Where Every Jew is Family

Even When the Mets Lose, They Win!


One thing that really impressed me about Mets fans is that when the Mets lost the World Series, most fans were just happy that their team made it.  “Even though they lost, they had a great season” was the most common phrase I heard.

We find in this week’s parsha that after Jacob tricks Isaac into getting the blessings (a whole topic unto itself), he is forced to run away because Esau is ready to kill him.  That seems terrible, but it is because of this experience that he gets married, has the founders of the 12 tribes and becomes fabulously wealthy.

This reminds me of a story.

Once, the Baal Shem Tov paid a visit to a certain village Jew. The impoverished villager welcomed the Chassidic master into his home.

“I must have a donation of eighteen rubles for a very important cause,” the Baal Shem Tov requested. The poor man did not have this large sum. But, considering that it was the Baal Shem Tov making the request, the villager took some of his furniture and his cow, sold them, and gave the Baal Shem Tov the money. Reb Zev Wolf looked on silently while his master took the money and then departed.

Several days later the villager’s rent was due on his inn. He could not produce the sum and the landlord evicted him. The villager, seeing no future for himself in this small village, decided to try his luck elsewhere. He finally found himself a tiny hut in a different village with a different landlord. By selling some more of his possessions, the villager managed to buy a cow. The cow provided him with his sole source of income; he sold her milk and eked out a meager living.

Some time later the local landowner’s cow became sick and her milk was unusable. One of the squire’s servants who knew of the new tenant quickly went to this villager and bought milk for the squire.

When the squire tasted the milk, he commented, “This milk is of a superior quality. Tell the owner of this cow that I will pay handsomely for the privilege of being his only customer.”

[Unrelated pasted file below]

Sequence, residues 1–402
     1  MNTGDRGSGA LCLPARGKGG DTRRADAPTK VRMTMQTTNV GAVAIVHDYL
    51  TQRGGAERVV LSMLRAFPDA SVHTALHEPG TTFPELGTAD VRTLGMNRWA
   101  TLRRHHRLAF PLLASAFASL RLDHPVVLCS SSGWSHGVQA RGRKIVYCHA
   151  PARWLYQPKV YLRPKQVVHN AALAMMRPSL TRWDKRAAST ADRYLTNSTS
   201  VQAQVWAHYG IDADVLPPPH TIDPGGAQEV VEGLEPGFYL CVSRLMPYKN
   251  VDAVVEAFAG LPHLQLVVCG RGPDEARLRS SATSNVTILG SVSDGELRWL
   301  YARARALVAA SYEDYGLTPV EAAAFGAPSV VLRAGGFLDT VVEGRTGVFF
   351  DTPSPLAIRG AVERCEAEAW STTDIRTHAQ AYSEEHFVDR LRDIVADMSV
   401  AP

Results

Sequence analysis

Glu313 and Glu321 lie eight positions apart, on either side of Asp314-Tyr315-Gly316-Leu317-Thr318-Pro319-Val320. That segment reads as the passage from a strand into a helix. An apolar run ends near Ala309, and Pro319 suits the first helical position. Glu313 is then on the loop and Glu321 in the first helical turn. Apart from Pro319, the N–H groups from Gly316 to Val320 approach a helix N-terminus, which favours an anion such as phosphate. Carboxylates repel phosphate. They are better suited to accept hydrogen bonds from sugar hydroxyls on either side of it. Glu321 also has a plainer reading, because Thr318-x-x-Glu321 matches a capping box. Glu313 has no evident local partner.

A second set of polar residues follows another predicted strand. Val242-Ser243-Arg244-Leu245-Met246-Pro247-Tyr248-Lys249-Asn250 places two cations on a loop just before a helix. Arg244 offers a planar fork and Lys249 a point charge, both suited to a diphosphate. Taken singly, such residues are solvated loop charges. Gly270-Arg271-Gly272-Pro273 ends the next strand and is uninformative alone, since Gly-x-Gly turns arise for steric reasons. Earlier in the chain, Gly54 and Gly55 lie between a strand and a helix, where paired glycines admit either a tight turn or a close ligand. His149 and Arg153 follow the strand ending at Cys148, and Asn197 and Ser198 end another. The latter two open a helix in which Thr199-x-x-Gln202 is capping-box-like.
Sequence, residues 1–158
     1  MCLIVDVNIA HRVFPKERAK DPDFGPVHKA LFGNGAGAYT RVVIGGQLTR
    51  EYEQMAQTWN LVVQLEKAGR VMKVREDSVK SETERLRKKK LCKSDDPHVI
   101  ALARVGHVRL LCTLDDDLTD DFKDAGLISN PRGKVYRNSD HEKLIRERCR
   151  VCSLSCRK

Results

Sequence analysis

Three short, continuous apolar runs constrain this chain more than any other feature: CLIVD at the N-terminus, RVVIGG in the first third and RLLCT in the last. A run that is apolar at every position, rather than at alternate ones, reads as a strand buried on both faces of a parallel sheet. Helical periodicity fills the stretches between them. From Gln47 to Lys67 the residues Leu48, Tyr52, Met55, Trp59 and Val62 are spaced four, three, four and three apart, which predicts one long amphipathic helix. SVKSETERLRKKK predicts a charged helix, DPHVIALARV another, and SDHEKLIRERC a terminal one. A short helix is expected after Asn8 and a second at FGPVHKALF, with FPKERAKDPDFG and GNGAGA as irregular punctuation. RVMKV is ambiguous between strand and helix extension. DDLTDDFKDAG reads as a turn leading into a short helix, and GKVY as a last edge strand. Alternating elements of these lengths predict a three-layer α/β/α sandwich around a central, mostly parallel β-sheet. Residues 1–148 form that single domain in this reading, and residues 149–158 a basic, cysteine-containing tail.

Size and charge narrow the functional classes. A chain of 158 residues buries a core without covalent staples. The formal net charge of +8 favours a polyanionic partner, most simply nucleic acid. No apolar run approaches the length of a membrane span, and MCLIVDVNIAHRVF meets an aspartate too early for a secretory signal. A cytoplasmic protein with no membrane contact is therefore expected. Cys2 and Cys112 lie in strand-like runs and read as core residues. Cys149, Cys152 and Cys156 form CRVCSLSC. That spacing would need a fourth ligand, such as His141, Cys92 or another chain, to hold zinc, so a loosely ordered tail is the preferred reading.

This incident turned the tide of fortune for the villager. Each day he delivered milk to the manor and each day the squire commented on the quality of the milk and milk products derived from it. He grew fond of the Jew and began to consult him about his business, slowly turning over to him many responsibilities. The squire trusted him implicitly and appreciated the Jew’s honesty, reliability, and faithful service.

The squire’s relationship and bond with the villager became so deep that, being childless, he transferred ownership of his entire estate, which included that village and the nearby town and its surrounding lands, to the Jew. Feeling that now everything was in good hands, the squire took leave and went abroad after having given the Jew legal title to that area.

The Baal Shem Tov explained. “A change of fortune was awaiting him in the future but not in that place. It was necessary to bring him to the end of his rope so that he would be forced to leave and settle elsewhere. That is exactly what happened.

It’s sometimes hard for us to accept, but sometimes we need to see how even when we have difficult times, G-d is just trying to make sure we are maximizing our blessings!

Have a great week!

Leave a Reply

Your email address will not be published. Required fields are marked *